After the Third Plenary Session of the 18th Central Committee of the Chinese Communist Party, Beijing followed in the footsteps of the United States and adopted a quantitative easing monetary policy.
The aim was to stimulate economic growth and boost the stock market.
However, the measures created a huge stock market bubble in the mainland, resulting in subsequent government intervention to curb speculation.
As the old saying goes, what goes up must come down.
Overpriced stocks and a market frenzy eventually led this summer to the worst stock market crash China has ever seen.
The Shanghai Composite Index and Shenzhen Stock Index plummeted almost 40 percent within three months, vaporizing US$30 trillion worth of investor wealth.
The effects of that historic tumble on the overall economy are still continuing to ripple.
In the meantime, observers also warn of a gloomy growth outlook for the Chinese economy as the manufacturing and export sectors as well as domestic demand all undergoing slowdowns.
Given the unpromising figures, any well-informed and experienced investor would probably sense that an all-out economic downturn or even recession in the mainland could be imminent and therefore it’s time to cash out and leave.
Li Ka-shing, the richest man in Hong Kong, who has created the biggest worldwide business empire any Chinese has ever built, is no exception.
It would certainly have been impossible for a world-class entrepreneur and investment guru like him not to have noticed the hidden risks in the Chinese economy, which explains why over the last couple of years Li has sold his assets in the mainland one after the other at a premium in tandem with a search for better investment opportunities abroad.
It is perfectly logical and understandable for him to do so.
In fact, anyone in his position would probably have done so too, because as the chairman of a public company that owns billions of US dollars’ worth of assets, he is duty bound to look after the best interests of his shareholders and make sure their money is being invested in the right place at the right time.
This is how the capitalist free market works.
Unfortunately, his business decisions, based purely on rationality and market sense, have brought him under fire from Beijing mouthpieces in recent months.
They have accused him, by selling his assets in the mainland, of being “ungrateful” for the support and favor the state has given him in the past.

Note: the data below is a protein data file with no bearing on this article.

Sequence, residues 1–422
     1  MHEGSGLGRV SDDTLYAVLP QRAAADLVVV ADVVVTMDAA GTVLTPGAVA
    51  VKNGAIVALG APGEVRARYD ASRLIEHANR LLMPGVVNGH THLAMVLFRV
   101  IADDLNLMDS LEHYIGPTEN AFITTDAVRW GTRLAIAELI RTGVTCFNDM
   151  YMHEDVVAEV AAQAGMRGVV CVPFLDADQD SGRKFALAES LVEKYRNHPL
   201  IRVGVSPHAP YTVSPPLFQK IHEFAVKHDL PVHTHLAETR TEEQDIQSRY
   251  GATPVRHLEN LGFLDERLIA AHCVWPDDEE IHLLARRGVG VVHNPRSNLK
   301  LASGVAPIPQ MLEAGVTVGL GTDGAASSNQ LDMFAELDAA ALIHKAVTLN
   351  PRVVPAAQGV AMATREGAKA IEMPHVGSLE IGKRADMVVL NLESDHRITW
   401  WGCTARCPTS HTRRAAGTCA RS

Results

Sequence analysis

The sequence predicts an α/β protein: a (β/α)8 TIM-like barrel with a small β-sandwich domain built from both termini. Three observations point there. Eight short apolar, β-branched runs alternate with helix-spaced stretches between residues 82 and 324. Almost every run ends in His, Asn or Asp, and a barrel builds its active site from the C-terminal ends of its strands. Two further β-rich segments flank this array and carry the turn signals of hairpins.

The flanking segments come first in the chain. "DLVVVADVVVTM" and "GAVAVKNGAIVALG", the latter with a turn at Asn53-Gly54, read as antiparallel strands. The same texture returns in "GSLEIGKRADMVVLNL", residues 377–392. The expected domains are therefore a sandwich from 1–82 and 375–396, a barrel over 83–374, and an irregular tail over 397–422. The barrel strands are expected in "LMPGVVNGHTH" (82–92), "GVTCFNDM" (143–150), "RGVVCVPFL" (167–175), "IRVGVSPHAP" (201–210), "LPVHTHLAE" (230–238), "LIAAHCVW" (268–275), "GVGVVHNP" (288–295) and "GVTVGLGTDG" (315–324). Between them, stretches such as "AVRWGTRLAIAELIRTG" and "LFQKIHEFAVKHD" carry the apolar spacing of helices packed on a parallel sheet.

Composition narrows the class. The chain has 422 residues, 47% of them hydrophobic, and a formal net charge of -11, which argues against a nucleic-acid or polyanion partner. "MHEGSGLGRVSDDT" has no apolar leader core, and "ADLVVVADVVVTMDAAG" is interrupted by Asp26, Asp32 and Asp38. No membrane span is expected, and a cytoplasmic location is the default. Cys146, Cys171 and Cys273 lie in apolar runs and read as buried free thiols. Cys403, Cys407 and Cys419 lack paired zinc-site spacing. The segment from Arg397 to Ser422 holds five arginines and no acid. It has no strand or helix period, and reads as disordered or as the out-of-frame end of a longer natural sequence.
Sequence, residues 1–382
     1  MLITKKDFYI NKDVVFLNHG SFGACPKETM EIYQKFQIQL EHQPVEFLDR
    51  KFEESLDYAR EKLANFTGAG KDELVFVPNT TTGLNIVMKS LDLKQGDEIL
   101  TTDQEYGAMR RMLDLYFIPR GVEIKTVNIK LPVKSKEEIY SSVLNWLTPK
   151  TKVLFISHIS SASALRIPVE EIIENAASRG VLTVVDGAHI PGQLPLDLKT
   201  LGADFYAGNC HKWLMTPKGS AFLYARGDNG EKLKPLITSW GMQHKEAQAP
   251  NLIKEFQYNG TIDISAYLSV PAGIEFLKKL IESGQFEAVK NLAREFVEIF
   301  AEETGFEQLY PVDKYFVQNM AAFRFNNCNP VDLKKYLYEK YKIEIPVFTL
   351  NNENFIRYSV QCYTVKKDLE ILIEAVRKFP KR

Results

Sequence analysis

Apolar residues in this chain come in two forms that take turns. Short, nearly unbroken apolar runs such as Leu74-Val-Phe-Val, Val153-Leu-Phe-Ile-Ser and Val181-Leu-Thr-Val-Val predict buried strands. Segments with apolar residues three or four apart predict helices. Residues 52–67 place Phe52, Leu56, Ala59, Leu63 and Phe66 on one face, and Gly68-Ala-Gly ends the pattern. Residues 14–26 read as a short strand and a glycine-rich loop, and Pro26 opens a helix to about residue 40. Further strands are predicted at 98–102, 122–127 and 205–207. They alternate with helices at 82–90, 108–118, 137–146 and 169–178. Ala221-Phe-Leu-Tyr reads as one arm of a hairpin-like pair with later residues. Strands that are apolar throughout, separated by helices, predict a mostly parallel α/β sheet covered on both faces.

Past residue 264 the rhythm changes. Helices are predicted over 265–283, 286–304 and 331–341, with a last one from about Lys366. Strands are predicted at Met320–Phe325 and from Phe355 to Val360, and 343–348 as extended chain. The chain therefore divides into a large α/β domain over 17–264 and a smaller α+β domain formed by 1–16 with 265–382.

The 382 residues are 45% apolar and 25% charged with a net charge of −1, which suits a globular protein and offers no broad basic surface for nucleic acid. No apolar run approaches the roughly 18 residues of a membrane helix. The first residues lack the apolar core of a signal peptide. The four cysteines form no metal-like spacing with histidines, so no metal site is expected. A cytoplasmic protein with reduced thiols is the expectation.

In a recent article, titled “Don’t let Li Ka-shing run away”, published on the official website of the Outlook Institute, a think tank sponsored by Xinhua News Agency, the author slammed Li, who he said had profited so much from China in the past few decades, for abandoning his motherland at a time when its economy is facing difficult times, questioning his integrity and patriotism.
The article, which went viral on the internet, was removed from the website shortly after it had been published.
If anything, the article acknowledged an open secret: it would be basically impossible for anyone without the party’s blessing to run a successful business in the mainland.
It appears that Li’s withdrawal from the mainland market was regarded bitterly by some top officials as a betrayal of the party’s goodwill.
In my opinion, the fact that some officials in Beijing have continued to politicize Li Ka-shing’s asset disposals in the mainland and to liken his moves — which would have been viewed as normal business decisions in the West — to betrayal of his country suggests that there is still a long way to go before China learns to truly respect the free-market mechanism and play by the business rules commonly adopted by the international community.
Besides, the article ignored one basic fact: since the party’s blessing is the key to victory for any overseas businessman hoping to get a slice of the Chinese market, then it would probably be a fair statement to say that Li doesn’t owe the state anything, as many party officials have made big bucks on the back of his success.
Suffice to say there is no question of who is owing whom as far as Li is concerned, as his business ventures in the mainland created a win-win situation in which both his companies and the party officials who gave him the green light made a huge profit.
On the contrary, I think there is actually a lot the Chinese government and its state-run enterprises can learn from Li, as he has set a classic example as to how a company owned and run by Chinese can rise to stardom and become a key and respected player in the global market.
Beijing would only scare off foreign investors and deepen its economic woes if it continued to stick to its narrow-minded doctrine that private businesses are morally bound to help the state paper over the cracks in times of economic difficulty and should never sell their assets even when they are losing money.
That is simply against the most basic commercial principles.
In fact, Beijing should allow Li to run away even further, to demonstrate that it is determined to play by international business rules.
This article appeared in the Hong Kong Economic Journal on Sept. 25.
Translation by Alan Lee
[Chinese version 中文版]
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